The medical research field has been looking into creating better solutions for delicate yet complex procedures that require utmost precision when dealing with heart problems and stem cell therapy is one of the possible solutions for treating heart failure.

Luckily, Gladstone Institutes, whose mission is to overcome major unsolved diseases, has just given coronary disease researchers an excellent tool to advance methods and medicines for heart problems with its latest breakthrough, which was published on the Scientific Reports online journal on April 20.

The study titled "Miniaturized iPS-Cell-Derived Cardiac Muscles for Physiologically Relevant Drug Response Analyses" reports that a team of scientists from Gladstone Institutes have successfully bioengineered heart muscles from stem cells and these could be used to safely carry out drug tests for patient-specific diseases.

"[The bioengineered micro-scale heart tissues] will enable scientists in stem cell biology and the drug industry to study heart cells in their proper context [...] In turn, this will enhance our ability to discover treatments for heart disease," Gladstone Conklin laboratory's postdoctoral fellow and lead author of the study, Nathaniel Huebsch, explained.

Dr. Huebsch noted that bio-engineered micro-scale heart tissues created by means of induced pluripotent stem cells (iPSCs) resemble immature embryonic tissues rather than adult heart tissues; hence, testing drugs on it may not produce the best results due to its unpredictability. However, his research team's new method addressed the issue and lowered the risks by stimulating the immature cells to develop and resemble adult heart tissues.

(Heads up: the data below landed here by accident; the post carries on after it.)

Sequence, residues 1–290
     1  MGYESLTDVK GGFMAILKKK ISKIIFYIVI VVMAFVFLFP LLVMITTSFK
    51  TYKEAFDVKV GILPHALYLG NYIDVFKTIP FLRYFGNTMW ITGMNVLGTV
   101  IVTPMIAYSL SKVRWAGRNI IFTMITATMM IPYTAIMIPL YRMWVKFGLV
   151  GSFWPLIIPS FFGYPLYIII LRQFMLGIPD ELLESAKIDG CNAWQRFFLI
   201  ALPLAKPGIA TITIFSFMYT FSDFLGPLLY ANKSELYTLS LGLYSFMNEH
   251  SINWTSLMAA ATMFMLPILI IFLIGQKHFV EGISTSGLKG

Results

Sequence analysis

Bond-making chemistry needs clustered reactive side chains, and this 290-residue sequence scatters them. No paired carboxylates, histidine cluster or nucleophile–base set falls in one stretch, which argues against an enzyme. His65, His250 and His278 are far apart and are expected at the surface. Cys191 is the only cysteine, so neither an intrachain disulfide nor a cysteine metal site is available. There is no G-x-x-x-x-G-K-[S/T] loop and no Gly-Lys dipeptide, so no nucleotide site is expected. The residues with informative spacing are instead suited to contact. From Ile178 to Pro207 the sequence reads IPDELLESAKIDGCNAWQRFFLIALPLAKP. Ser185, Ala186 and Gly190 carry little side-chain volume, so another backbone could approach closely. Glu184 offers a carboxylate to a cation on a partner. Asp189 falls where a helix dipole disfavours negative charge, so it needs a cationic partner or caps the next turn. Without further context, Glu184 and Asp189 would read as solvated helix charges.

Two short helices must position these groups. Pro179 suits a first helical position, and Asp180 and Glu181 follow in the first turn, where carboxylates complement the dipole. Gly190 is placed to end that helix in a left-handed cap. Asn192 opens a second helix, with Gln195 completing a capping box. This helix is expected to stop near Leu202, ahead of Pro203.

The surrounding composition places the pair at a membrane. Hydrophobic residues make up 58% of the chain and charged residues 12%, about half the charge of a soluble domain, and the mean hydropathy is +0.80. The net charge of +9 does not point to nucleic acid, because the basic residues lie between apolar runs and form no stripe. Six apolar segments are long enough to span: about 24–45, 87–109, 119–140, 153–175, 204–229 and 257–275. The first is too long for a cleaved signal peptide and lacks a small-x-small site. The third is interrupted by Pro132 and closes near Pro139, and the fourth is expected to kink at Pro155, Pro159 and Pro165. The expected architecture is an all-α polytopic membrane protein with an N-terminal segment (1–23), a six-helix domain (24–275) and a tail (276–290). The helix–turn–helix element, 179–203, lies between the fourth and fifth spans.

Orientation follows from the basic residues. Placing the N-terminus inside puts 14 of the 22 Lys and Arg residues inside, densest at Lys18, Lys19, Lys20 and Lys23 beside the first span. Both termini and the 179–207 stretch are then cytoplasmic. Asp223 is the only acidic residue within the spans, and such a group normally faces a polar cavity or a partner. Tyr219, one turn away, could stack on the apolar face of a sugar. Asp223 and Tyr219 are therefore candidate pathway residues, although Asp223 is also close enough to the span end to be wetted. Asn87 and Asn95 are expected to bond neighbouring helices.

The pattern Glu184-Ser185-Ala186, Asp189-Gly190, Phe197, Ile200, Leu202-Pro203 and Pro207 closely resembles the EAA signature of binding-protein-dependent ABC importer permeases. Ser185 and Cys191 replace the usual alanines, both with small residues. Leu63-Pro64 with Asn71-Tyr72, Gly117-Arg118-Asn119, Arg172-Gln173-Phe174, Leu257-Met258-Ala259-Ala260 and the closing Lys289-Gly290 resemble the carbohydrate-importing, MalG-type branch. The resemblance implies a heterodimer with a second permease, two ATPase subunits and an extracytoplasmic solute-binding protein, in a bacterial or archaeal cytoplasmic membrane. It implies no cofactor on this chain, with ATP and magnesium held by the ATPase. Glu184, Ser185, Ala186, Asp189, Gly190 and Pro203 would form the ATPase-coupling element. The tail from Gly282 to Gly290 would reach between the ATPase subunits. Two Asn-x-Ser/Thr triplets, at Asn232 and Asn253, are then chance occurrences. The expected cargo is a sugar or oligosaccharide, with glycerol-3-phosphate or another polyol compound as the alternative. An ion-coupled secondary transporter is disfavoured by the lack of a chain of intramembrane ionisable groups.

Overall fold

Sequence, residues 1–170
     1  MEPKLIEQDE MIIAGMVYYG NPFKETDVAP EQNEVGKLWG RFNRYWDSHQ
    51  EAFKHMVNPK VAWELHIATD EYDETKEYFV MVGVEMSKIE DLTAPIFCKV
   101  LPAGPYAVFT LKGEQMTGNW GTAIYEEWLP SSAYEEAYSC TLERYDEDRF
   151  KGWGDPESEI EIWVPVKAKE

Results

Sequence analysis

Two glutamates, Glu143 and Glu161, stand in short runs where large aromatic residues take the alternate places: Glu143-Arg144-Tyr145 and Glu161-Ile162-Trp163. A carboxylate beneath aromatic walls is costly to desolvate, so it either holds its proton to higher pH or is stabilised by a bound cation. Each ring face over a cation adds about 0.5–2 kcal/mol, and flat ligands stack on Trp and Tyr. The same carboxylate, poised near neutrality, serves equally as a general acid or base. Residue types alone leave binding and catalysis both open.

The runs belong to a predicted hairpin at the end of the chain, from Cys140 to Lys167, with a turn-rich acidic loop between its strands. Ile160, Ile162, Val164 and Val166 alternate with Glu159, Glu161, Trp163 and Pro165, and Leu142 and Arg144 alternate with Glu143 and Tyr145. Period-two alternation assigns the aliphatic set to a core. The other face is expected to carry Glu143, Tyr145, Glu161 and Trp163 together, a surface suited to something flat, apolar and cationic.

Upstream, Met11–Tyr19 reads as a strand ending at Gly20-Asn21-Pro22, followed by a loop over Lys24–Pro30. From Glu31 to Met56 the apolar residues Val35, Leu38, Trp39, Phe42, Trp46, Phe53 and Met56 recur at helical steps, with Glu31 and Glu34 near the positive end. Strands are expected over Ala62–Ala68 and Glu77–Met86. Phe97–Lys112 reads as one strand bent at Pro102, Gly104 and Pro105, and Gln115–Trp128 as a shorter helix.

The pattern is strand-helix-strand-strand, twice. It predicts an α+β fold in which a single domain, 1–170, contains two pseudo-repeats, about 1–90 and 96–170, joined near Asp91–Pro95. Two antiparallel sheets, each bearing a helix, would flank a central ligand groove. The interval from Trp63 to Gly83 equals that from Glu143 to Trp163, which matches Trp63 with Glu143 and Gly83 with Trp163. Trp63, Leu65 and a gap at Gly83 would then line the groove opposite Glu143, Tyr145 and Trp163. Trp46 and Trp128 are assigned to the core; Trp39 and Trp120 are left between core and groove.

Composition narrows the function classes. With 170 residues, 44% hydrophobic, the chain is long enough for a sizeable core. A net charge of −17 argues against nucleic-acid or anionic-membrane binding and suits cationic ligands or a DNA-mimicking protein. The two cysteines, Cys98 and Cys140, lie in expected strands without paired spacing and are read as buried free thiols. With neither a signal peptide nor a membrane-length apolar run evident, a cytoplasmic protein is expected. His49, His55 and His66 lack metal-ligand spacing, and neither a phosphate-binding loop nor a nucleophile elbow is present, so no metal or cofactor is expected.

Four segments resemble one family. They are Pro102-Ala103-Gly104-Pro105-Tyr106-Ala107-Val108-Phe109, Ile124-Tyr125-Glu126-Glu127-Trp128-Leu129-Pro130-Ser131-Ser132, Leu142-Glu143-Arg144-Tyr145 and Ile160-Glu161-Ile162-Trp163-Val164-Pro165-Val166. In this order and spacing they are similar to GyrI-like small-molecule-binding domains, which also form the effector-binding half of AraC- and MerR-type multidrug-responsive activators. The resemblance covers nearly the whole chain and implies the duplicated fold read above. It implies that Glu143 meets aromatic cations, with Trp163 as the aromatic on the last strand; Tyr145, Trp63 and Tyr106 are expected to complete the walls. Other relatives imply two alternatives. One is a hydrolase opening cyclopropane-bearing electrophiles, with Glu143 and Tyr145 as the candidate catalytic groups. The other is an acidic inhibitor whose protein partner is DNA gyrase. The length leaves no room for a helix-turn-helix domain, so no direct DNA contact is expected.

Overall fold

Additionally, the new method also lowers the number of cells needed to reproduce the heart muscles, which in turn, makes it cheaper and more efficient. This would now allow doctors to test drugs on the bio-engineered heart muscles and find the treatment that would provide the best results for specific patients.

"We think that the micro heart muscle will provide a superior resource for conducting research and developing therapies for heart disease," Dr. Bruce Conklin said. Dr. Conklin is a senior investigator at Gladstone and a senior author of the research.

Watch the short video below to find out how the micro heart muscles look.

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